DEA agent: Prescription drug abuse a problem - East Valley Tribune: News

DEA agent: Prescription drug abuse a problem

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Posted: Thursday, November 20, 2008 6:43 pm | Updated: 11:28 pm, Fri Oct 7, 2011.

Drug smuggling into the United States from Mexico remains a problem, but the types of drugs that now are being heavily abused are shifting from methamphetamine to heroin and prescription drugs, according to a federal drug enforcement agent.

Doug Coleman, assistant special agent in charge with the Drug Enforcement Agency, spoke before a crowd of about 100 people gathered for the Northeast Valley Coalition Against Methamphetamine's monthly meeting at the Granite Reef Senior Center in south Scottsdale on Thursday.

Coleman, a former Las Vegas police officer, has been a special agent with the DEA since 1990. He is in charge of DEA enforcement groups in Phoenix that investigate dangerous drug operations and infiltrate drug cartels.

He was quick to say that methamphetamine labs have shifted from the U.S. to south of the border and that prescription drug abuse is emerging.

In the last year, there has been a 200 percent increase in heroin trafficking arrests, mostly resulting from the drug being manufactured in Mexico and smuggled into Arizona, Coleman said. There also has been an increase in the abuse of salvia, an unregulated hallucinogenic drug used by teens that can be purchased at smoke shops and herbal stores, Coleman said.

Prescription drugs such as OxyContin and Percocet are readily available in the medicine cabinets of many homes, Coleman said.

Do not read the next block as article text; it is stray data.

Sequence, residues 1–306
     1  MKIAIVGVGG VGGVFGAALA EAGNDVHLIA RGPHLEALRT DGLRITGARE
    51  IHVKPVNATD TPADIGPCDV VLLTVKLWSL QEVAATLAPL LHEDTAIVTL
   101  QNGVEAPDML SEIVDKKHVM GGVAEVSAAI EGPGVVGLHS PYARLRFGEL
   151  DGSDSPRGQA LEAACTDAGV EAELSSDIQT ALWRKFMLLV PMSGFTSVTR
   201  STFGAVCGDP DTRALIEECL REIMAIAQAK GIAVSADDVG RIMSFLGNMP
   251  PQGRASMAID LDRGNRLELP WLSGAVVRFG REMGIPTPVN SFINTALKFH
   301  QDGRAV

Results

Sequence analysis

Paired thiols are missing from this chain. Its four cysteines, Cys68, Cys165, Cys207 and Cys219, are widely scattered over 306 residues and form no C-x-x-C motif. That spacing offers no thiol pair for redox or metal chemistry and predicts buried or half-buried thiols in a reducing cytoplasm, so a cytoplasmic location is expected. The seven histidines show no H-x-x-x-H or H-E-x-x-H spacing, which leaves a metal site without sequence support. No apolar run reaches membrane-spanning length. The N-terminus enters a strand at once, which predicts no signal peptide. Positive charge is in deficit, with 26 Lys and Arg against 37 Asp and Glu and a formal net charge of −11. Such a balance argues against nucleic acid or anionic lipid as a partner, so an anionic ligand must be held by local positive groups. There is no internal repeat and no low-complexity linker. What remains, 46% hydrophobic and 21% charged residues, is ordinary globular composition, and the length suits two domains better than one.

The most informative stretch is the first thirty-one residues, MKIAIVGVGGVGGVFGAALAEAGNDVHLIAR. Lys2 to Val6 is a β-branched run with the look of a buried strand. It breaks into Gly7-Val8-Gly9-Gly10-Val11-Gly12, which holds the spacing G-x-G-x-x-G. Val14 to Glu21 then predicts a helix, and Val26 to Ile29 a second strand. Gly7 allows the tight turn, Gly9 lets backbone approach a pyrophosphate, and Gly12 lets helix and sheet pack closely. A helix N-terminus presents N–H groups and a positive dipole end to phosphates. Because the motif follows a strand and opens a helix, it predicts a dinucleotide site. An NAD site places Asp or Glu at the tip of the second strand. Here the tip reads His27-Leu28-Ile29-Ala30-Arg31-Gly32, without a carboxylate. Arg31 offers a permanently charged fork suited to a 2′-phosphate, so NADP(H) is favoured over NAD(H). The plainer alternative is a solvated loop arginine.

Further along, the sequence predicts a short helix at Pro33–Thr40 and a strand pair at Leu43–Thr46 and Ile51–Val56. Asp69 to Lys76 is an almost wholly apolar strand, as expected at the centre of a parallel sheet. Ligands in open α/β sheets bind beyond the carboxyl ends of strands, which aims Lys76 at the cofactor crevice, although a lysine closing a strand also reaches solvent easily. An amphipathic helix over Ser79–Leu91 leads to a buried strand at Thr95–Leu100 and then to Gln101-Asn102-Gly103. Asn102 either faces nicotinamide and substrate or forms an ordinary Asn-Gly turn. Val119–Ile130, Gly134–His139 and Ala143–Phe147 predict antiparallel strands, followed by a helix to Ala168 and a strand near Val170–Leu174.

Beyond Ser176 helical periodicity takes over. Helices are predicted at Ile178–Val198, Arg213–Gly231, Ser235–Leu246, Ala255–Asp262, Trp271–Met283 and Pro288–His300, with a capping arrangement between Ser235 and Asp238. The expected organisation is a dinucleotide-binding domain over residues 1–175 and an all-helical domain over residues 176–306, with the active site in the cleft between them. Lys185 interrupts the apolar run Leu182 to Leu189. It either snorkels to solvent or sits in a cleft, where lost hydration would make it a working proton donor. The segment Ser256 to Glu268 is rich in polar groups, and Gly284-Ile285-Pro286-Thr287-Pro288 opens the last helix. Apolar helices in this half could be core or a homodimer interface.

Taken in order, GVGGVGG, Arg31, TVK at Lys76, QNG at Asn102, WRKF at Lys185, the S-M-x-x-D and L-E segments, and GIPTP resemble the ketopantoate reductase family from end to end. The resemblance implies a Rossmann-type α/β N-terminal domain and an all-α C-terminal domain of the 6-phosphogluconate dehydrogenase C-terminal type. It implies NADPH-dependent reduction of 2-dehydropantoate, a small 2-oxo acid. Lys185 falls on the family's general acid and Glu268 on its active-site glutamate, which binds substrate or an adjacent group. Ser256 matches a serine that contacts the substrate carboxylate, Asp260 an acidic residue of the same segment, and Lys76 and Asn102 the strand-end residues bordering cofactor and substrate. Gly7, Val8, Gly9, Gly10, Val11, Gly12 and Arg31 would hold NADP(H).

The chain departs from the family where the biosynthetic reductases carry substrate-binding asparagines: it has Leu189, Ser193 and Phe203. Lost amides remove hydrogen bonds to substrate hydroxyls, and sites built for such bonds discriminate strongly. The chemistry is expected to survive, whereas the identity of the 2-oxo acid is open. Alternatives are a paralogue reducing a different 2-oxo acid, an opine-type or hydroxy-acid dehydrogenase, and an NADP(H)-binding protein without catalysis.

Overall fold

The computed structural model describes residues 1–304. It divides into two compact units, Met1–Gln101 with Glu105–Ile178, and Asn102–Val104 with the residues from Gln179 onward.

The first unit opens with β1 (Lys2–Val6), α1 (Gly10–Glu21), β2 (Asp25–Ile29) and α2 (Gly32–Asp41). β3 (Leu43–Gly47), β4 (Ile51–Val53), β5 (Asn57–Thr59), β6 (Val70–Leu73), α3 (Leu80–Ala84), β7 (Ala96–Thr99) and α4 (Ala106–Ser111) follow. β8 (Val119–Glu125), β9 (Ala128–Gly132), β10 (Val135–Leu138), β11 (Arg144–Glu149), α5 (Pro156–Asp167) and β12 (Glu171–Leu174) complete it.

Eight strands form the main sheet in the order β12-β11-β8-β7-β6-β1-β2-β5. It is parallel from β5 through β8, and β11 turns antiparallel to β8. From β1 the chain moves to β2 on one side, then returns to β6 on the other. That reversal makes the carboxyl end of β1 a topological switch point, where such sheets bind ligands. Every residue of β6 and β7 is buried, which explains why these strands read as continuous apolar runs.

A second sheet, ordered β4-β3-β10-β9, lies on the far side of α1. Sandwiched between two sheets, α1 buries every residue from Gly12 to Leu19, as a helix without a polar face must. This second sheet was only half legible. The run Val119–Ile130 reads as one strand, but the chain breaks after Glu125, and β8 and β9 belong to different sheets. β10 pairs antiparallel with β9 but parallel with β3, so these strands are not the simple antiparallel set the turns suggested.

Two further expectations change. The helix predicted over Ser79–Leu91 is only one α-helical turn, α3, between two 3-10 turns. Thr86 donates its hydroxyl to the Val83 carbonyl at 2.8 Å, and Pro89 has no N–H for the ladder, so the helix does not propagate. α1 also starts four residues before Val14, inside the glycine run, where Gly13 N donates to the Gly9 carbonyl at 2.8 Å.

"Our prescription drug abuse numbers are going through the roof," Coleman said. "Lock up your legal drugs."

Drug traffickers from south of the border also bring their crime culture with them into the U.S., which has led to an increase in home invasions and kidnappings throughout the Valley, Coleman said.

In the case of a kidnapping, someone in the victim's family usually owes one of the drug cartels money, and when there's a home invasion, the perpetrators often believe they are targeting a "stash house" to steal drugs, Coleman said.

Coleman said the DEA's Phoenix field office has a 95 percent conviction rate for drug investigations, which take anywhere from three to four months for an individual and at least one year for a major drug ring after an arrest.

"We can't declare victory against any crime, but the northeast Valley is in pretty good shape in the big scheme of things," Coleman said. "The dangers and problems of clandestine meth labs in Phoenix are less, but Mexico is picking up the slack of manufacturing the drugs and transporting them to the U.S. through Arizona.

"It used to be a rarity when the people trafficking the drugs were armed, but now, it's rare when they aren't."

Coleman said there has also been an increase in guns being sold at local gun shows here and smuggled into Mexico for use by drug cartels.

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